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Old 22-10-2002, 12:40 PM
Lynda Thornton
 
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Default Is my lewisia dying back or actually dying!

Hello

I've had a small lewisia in a pot which I bought with some other
sempervivums from a garden centre in early summer, but I haven't planted
it in its shallow trough yet. It seemed fine until a few weeks ago, it
was flowering very well, but now its crown of leaves seem to be dying
off, going brown/yellow etc. I don't know what kind it is, although the
flowers are on quite long upright stems and are an orange/pink veiny
mixture. The other (also still potted) sempervivums are fine, and are
spreading and growing - is this just the lewisia's natural behaviour and
will it grow back, or is it on the way out?

Thanks.
--
Lynda Thornton

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Old 22-10-2002, 08:29 PM
M K Rogerson
 
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Default Is my lewisia dying back or actually dying!


"Lynda Thornton" wrote in message
...
Hello

I've had a small lewisia in a pot which I bought with some other
sempervivums from a garden centre in early summer, but I haven't planted
it in its shallow trough yet. It seemed fine until a few weeks ago, it
was flowering very well, but now its crown of leaves seem to be dying
off, going brown/yellow etc. I don't know what kind it is, although the
flowers are on quite long upright stems and are an orange/pink veiny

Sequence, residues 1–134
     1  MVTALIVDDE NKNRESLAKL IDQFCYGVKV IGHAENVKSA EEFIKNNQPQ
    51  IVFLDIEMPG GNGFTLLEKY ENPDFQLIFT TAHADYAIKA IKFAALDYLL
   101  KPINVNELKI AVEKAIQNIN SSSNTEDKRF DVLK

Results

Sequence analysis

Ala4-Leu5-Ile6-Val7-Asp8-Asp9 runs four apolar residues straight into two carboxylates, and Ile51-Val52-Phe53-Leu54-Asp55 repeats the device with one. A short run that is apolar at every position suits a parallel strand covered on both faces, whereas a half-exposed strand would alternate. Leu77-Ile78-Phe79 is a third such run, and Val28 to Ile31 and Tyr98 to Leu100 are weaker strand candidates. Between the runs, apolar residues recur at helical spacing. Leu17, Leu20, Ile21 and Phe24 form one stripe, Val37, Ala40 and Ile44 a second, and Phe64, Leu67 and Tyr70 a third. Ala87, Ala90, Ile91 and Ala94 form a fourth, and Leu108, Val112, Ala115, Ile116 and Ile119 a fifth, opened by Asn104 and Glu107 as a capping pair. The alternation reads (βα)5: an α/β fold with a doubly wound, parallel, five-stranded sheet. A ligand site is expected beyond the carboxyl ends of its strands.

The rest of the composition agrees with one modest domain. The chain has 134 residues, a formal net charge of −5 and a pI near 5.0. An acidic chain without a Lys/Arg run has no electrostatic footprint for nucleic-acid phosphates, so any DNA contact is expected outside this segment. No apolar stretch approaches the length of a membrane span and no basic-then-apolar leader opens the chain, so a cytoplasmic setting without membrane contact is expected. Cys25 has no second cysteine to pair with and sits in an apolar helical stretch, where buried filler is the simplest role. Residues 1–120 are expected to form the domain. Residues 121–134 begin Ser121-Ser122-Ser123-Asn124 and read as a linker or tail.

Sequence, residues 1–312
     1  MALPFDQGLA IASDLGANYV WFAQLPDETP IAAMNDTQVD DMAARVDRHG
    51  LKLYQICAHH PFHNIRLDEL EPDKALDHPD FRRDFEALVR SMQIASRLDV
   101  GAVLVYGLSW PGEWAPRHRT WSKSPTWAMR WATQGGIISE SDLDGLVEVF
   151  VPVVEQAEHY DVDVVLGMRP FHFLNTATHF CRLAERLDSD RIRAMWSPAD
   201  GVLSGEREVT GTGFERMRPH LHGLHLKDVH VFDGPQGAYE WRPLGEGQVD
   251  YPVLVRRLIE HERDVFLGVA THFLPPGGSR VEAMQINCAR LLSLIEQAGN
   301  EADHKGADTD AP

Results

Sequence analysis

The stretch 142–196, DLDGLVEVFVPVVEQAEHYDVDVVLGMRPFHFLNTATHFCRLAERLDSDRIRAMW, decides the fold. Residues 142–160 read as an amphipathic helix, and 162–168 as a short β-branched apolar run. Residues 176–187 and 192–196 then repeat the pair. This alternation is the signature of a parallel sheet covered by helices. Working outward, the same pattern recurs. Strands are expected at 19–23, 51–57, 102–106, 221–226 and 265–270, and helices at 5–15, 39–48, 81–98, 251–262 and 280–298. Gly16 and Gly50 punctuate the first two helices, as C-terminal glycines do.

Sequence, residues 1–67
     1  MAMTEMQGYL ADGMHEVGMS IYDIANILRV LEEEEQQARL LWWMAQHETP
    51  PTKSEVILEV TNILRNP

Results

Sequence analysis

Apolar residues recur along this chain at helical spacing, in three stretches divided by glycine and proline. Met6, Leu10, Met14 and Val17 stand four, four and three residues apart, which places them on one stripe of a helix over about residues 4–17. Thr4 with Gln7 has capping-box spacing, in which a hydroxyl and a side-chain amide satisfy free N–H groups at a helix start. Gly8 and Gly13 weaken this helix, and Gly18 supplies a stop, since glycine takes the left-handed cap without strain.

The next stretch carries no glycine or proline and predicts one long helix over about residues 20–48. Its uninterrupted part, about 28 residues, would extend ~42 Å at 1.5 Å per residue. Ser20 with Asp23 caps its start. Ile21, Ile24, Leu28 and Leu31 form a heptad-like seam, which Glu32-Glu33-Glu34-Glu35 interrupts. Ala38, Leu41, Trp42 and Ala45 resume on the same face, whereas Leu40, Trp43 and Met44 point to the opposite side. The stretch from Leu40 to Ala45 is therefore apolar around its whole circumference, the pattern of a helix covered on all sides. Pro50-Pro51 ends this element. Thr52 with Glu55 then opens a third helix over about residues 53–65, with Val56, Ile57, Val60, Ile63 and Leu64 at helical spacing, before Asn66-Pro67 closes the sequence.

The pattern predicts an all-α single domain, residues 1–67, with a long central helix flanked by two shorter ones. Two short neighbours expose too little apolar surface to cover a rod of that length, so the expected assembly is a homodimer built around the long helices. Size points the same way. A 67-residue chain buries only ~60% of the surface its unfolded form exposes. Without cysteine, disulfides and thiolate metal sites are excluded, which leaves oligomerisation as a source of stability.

mixture. The other (also still potted) sempervivums are fine, and are
spreading and growing - is this just the lewisia's natural behaviour and
will it grow back, or is it on the way out?


Most Lewisias are not tolerant of winter wet, and many don't like a wet
crown in the summer and autumn either. Yours sounds like a Lewisia cotyledon
hybrid (fairly broad, succulent leaves in a rosette form). These are
evergreen. If it is only some of the outer, old leaves which are dying it
will probably be OK but if all the leaves are dying back it is probably
terminal and due to excess water.

Some people succeed with L cotyledon planted in vertical crevices in a
rockery with the plant inserted on its side so water runs off the leaves and
the crown. Personally I find this something of a lottery and plants last 2
years at most. They are much better in a container which you can keep
sheltered from rain over the winter and even then they will be much happier
in an open gritty compost and with at least half an inch of gravel/grit
mulch on top to keep the crown free of damp.

Treated as above they will last for many years and can form large multi
rosetted crowns, although I always think single crowns are much more
pleasing to the eye.

There is one strain which has been about for a couple of years from Ashwoods
Nursery called Carousel Hybrids which claim to be tolerant of overhead
winter wet. I'll tell you next year if the claim is justified.

Martin R


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Old 23-10-2002, 06:36 PM
M K Rogerson
 
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Default Is my lewisia dying back or actually dying!


"Lynda Thornton" wrote in message
...


Hi Martin

Thanks very much for all that information - it sounds as if it's much
too wet for the poor plant, so I'll try and get it into shelter
tomorrow, although I don't hold out much hope of its survival as it's
been struggling for a while now. I assume the other sempervivums are OK
in the wet as they seem alright and one's even flowering sporadically?
Is lewisia the fussiest kind?

Thanks.

Lynda


Sempervivums, in general, will survive anything a UK Winter can throw at
them as long as they are not waterlogged for long periods, so reasonable
drainage is what you need. There are a few exceptions but the only one you
are likely to come across in the general nursery trade is Sempervivum
ciliosum which has been known to succumb occasionally.

Lewisias and Sempervivums are not related except for the shared
characteristic of succulent leaves.

Hope that helps.

Regards

Martin R




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